Question about Repurposed Yarn

justlindaDecember 29, 2009

I picked up a hand knit adult sweater at the Thrift Shop. The sweater was a hideous pattern and colour for an adult so I unraveled it, and want to repurpose the yarn.

Question: I am going to use the yarn to crochet, will the waves and ripples from it's previous knitted incarnation make the new item wavy and ripply? Will washing and blocking the item after it has been crocheted help it to lay flat?

As this is the first time I have attempted this, I don't want to waste my time making something only to have it look like a shriveled up alien....lol

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shaddy101

I really can't help too much, but wondering if going to ehow or googling would help you just as much as here? Some people don't want to own up to repurposing anything.

    Bookmark   December 29, 2009 at 8:37PM
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pris

Why don't you crochet something like a granny square (or something small) and see what it looks like. If you don't like the look of it before you finish off, go ahead and finish off and wash and block it and see what it does. If it looks ok, unravel your test block, re-attach and make whatever you like.

    Bookmark   December 30, 2009 at 6:40PM
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justlinda

Great idea about the granny square....sometimes I don't see the forest for the trees ~~~ lol.

Thanks.

    Bookmark   December 30, 2009 at 8:02PM
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gabriell_gw

I have heard someone say to loosely wrap yarn around ironing board. Hold steam iron over yarn but not touching.Continue turning yarn until all has been "steamed".It should help.

    Bookmark   December 30, 2009 at 9:56PM
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justlinda

Great ideas.....thanks for the tips.

    Bookmark   December 30, 2009 at 10:35PM
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sandra_ferguson

You failed to mention what the yarn was made of......if wool, you may certainly get rid of the 'waves and ripples"....I recently unraveled something I was making, as I didn't like it. I made a skein of it by wrapping it around a box....then soaked it in warm water to which I put some hair conditioner...then, around the agitator of the washing machine and spun out all the water I could...then, back around the box to dry.....do NOT use the washing machine in any other way than to spin out the water.... agitating yarn will absolutely ruin it.
I don't think it would be wise to knit something with it unrippled, and then expect the finished product to be the
size you want..do whatever it is you're going to do BEFORE knitting something from it.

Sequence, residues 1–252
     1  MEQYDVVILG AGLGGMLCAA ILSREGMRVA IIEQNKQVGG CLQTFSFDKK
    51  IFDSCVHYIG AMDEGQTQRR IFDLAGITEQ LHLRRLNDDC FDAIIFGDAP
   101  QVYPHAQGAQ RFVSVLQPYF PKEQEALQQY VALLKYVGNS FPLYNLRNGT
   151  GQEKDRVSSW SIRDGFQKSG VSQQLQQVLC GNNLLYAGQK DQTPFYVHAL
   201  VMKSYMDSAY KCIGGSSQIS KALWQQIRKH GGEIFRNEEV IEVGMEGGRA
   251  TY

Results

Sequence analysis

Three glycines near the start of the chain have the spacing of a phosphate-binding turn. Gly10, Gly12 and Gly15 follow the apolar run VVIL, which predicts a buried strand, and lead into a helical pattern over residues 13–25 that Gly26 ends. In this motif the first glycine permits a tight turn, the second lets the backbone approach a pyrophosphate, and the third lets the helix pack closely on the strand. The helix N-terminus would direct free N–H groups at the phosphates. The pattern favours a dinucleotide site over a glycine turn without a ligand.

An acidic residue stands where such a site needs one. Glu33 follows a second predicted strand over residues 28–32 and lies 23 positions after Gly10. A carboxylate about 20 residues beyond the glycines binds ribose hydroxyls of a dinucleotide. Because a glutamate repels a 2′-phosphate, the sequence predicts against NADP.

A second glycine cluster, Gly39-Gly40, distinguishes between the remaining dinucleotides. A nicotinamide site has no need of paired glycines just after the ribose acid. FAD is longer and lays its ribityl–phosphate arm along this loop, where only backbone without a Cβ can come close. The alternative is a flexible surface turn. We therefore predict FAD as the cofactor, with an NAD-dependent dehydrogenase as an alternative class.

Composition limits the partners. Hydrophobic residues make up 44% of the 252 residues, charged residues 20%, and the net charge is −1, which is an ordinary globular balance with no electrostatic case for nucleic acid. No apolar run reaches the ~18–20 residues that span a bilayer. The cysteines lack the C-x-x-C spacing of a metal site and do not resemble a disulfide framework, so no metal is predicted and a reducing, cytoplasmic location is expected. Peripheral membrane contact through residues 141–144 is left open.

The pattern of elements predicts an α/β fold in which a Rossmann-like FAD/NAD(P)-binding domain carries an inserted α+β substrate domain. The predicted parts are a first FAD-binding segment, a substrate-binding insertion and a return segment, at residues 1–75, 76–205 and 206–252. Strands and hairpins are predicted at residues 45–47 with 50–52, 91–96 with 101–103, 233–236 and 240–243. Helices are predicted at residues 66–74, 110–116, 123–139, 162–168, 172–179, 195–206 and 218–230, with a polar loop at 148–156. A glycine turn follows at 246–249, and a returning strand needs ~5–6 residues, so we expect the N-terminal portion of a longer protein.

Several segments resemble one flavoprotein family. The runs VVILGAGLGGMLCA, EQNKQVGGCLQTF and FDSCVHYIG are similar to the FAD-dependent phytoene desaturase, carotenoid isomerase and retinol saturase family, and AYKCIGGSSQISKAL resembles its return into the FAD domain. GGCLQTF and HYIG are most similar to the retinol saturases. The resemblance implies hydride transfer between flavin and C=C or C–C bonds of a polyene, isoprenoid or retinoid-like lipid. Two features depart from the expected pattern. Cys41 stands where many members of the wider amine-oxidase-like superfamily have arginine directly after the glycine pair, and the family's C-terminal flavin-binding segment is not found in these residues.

I'd try the same process with man made fabrics, but I don't know it it'll work or not. Natural fibers are very different from man made ones...but, all you're out is a little time, so it's well worth it.
If you don't know what the yarn is made from, take a small snip and burn it.....if it doesn't smell and leaves a soft ash, it's a natural product. If it smells to high heaven and leave a little hard piece, the yarn has melted rather than burned, and it's man made.

    Bookmark   December 31, 2009 at 11:02AM
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sheilajoyce_gw

My son did this with a sweater left over from a college dorm don't-want-this-anymore swap pile that had a nice color of yarn. He unravelled the sweater and tied strings tightly around the hanks to hand wash it and rinse it thoroughly without tangling. Then he untied the strings so that air could get into the hanks and let it air dry. It lost its kinks.

    Bookmark   January 1, 2010 at 7:29PM
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pippa-2010

Best way to repurpose it is to wind it into even hanks, tie these in at least four places to keep each hank secure, then wash by hand in luke-warm water, swishing GENTLY. If you have a soap called Eucalan, which is designed for yarn, use that, if not use a VERY SMALL amound of any mild liquid soap - I have even used baby shampoo in a pinch. Once the yarn has been washed, lift it out very gently, and rinse it, again, luke-warm water, 2-3 times if necessary. After that lay the hanks on a thick towel, or two, with another towel on top, and roll these firmly to squeeze out most of the water. After that the hanks can be hung to dry, outside if possible, or in the bathroom as they may still drop a little. When completely dry, wind each hank into a ball being very careful not to wind tightly - when wound, the ball of yarn should feel squishy, not hard or even firm, so the yarn won't stretch.
As you can probably tell, I've done this a lot! Enjoy and congratulations for being smart enough to recognize that you don't always have to go to a yarn store to get yarn.

    Bookmark   April 24, 2010 at 4:47PM
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